UN sanctions take aim at popular North Korean statue exports

Source:Global Times Published: 2016/12/29 18:53:39

Tourists visit <em>African Renaissance</em>, a monument built by North Korea's Mansudae Art Studio, in  Senegal's capital of Dakar in May 2011. Photo: IC

Tourists visit African Renaissance, a monument built by North Korea's Mansudae Art Studio, in Senegal's capital of Dakar in May 2011. Photo: IC

Standing many meters tall, numerous giant bronze statues in many cities throughout Africa inspire awe in all who see them.

These statues are symbols of local culture and patriotism, so visitors may be surprised to find that they were actually built by a company located in far off North Korea.

However, recent events may spell an end to the further creation of these types of statues in the future.

In response to a North Korean nuclear test in September, 15 members of the UN Security Council passed Resolution 2321 on November 30 to cap North Korea's coal exports, as well as ban the export of certain minerals and the sale of statues.

A Sky News report from November 30 quotes UN diplomats saying that the sanctions on statues, which are mainly sold to African countries, will cut tens of millions of dollars from Pyongyang's income. 

Promising industry

North Korea's statue exports made headlines in February as media reported that the production of giant sculptures had become a significant means for North Korea to bring in hard currency from foreign markets, African countries in particular.

According to these reports, most of these statues were created by the Mansudae Art Studio, by far the largest and most important such studio in North Korea.

According to Mansudae's official website, the company, founded in 1959, employs nearly 4,000 people, 1,000 of which are artists.

Italian employee Pier Luigi Cecioni, the sole foreign representative of the art factory, once described the company's headquarters located in the heart of the North Korean capital of Pyongyang as "more of a campus than a factory" and "the biggest in the world."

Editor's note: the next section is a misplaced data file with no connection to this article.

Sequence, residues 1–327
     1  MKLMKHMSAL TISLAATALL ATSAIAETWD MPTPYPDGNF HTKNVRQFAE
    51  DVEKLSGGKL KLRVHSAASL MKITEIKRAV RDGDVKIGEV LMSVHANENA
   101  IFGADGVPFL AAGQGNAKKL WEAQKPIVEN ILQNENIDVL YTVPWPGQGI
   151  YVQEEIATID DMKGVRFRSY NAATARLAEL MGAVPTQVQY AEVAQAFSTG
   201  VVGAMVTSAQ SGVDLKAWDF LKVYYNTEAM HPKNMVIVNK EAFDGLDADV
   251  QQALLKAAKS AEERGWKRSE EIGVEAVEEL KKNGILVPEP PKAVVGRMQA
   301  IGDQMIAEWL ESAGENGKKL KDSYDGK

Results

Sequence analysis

The company's website writes that the company headquarters encompasses an area of more than 120,000 square meters, of which 80,000 square meters are indoor areas.

"They've just produced a giant embroidery for the Benetton fashion family and fitted out a museum in Cambodia, but it's in Africa that Mansudae Overseas Projects (MOP) has found the keenest appetite for its work," writes a February report by the BBC.

According to the BBC, North Korean statue exports got its start in the early 1980s as a "diplomatic gift" to "socialist or non-aligned countries from their North Korean brothers," and recently became "a valuable source of hard currency," covering a series of African countries such as the Democratic Republic of Congo, Ethiopia and Togo.

According to a December report from Reuters, the industry brings in roughly $10 million annually.

Patriotic style

"These sculptures are giant and magnificent," Li Xingjian, a scholar at China's Central Academy of Fine Arts who has visited North Korea for cultural exchanges, told the Global Times on Thursday.

According to Li, Soviet influence on North Korean sculptures has made them very similar to the statue of Chairman Mao and other monuments that memorialize revolutionary martyrs found in China.

"However, North Korea focuses more on statues of leaders while China's focus is on large-scale ones that memorialize revolutionaries."

As for the giant bronze sculptures North Korea is exporting to African countries, most of these express themes such as "freedom" and "rebellion."

Heroes Acre in the southwest African country of Namibia, for example, depicts a soldier throwing a grenade with his right hand while holding a machine gun in his left hand.

Some of the bolder statues have even stirred some controversy among locals. For instance, African Renaissance, a monument in Senegal, challenged people's sensibilities by depicting a half-naked couple with an infant. The woman's exposed right breast was considered particularly offensive to the local Muslim population.

Last bastion of realist art

So how does a North Korean art factory end up building statues halfway around the world? 

The February BBC report gives two main reasons as to why African leaders are so attracted to North Korean statues. The first reason comes down to price.

"Senegal paid for its 49 meter-high statue by giving some land to the North Koreans - who immediately sold it for cash."

The second reason is that these statues have held onto a realistic style that is now rarely seen in Russian and Chinese art, art critic William Feaver told the BBC in the report.

"The appeal is in the statement of the obvious - and of course size is everything."

Global Times
Newspaper headline: Industry under fire

Posted in: ART

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